A.T. Still University’s Arizona School of Dentistry & Oral Health (ATSU-ASDOH) alumnus Nathon Blackburn, DMD, ’15, provides dental care to American Indian and Alaska Native communities in rural Alaska. He works for the Southcentral Foundation, one of the largest American Indian health centers in the country.
Dr. Blackburn himself is Alaska Native. His grandmother was Iñupiaq from Wainwright, Alaska. He has always been interested in his heritage, and was drawn to a career that would allow him to serve others.
“I come from a family of artists and craftsmen,” he says. “I have always loved to work with my hands and interact with people. I really enjoy my heritage as one who is part Alaska Native, and I have always wanted to be a part of my people’s legacy. Having the opportunity to serve people to whom I am related seemed to be a great way to promote my culture and heritage.”
As the first person in his family to graduate from college, Dr. Blackburn has faced many obstacles along the path to achieving his goals. Fortunately, he has a strong support network of friends and family.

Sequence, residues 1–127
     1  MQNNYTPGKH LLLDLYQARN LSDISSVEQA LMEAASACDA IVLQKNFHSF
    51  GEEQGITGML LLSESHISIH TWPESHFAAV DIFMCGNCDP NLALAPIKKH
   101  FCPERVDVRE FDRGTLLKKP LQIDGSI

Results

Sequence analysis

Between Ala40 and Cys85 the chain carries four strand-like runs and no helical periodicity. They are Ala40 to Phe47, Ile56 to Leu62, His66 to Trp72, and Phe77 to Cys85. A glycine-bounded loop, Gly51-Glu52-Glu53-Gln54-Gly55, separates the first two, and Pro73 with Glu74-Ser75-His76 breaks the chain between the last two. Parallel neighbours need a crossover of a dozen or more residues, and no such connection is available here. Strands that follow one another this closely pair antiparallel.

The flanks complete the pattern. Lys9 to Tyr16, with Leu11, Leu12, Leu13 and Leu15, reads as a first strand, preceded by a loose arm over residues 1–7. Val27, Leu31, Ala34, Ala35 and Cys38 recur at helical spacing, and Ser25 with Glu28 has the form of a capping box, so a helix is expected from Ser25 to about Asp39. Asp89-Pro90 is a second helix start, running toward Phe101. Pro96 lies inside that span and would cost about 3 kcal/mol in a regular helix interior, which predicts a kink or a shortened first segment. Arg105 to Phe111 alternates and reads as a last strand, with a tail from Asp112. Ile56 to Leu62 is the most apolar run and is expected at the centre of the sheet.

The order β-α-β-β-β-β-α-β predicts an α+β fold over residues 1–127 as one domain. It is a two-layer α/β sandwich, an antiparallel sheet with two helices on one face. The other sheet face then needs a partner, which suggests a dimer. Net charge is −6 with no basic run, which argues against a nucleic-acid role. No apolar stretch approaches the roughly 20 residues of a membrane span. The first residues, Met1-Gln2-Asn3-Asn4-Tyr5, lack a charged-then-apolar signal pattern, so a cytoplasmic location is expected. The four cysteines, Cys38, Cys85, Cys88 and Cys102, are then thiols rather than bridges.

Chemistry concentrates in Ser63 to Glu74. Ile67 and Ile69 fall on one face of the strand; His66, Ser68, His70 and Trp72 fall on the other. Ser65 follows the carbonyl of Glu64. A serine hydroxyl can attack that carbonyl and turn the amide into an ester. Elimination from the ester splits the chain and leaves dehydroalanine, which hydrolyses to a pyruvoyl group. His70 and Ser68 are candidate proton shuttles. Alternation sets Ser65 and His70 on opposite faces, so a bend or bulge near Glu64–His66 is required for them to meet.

“I had to overcome the unknown, failure, and the financial burdens of education,” he says. “It was not easy, but my family and my wife have been enormously supportive of all the work it has taken to survive my undergraduate and dental education.”
To pay for dental school, he received an Indian Health Service (IHS) grant. The grant requires him to work one year as an IHS dentist for every year of funding he received. He has committed to four years. The repayment requirement aligns perfectly with his career goals, as he was already planning to work for IHS. He encourages aspiring American Indian and Alaska Native dentists to look into similar opportunities and to talk to IHS graduates about their experience.
Working with rural, underserved communities presents both challenges and rewards for Dr. Blackburn. He treats many people from outlying villages with very limited access to care. While it can be difficult to treat children with extensive tooth decay, he knows he is making a difference in their lives. Above all, he values the meaningful connections he makes with his patients.
“I especially enjoy visiting patients in their communities and villages,” he says. “You begin to understand where they live and where they come from as you work to improve some small aspect of their lives.”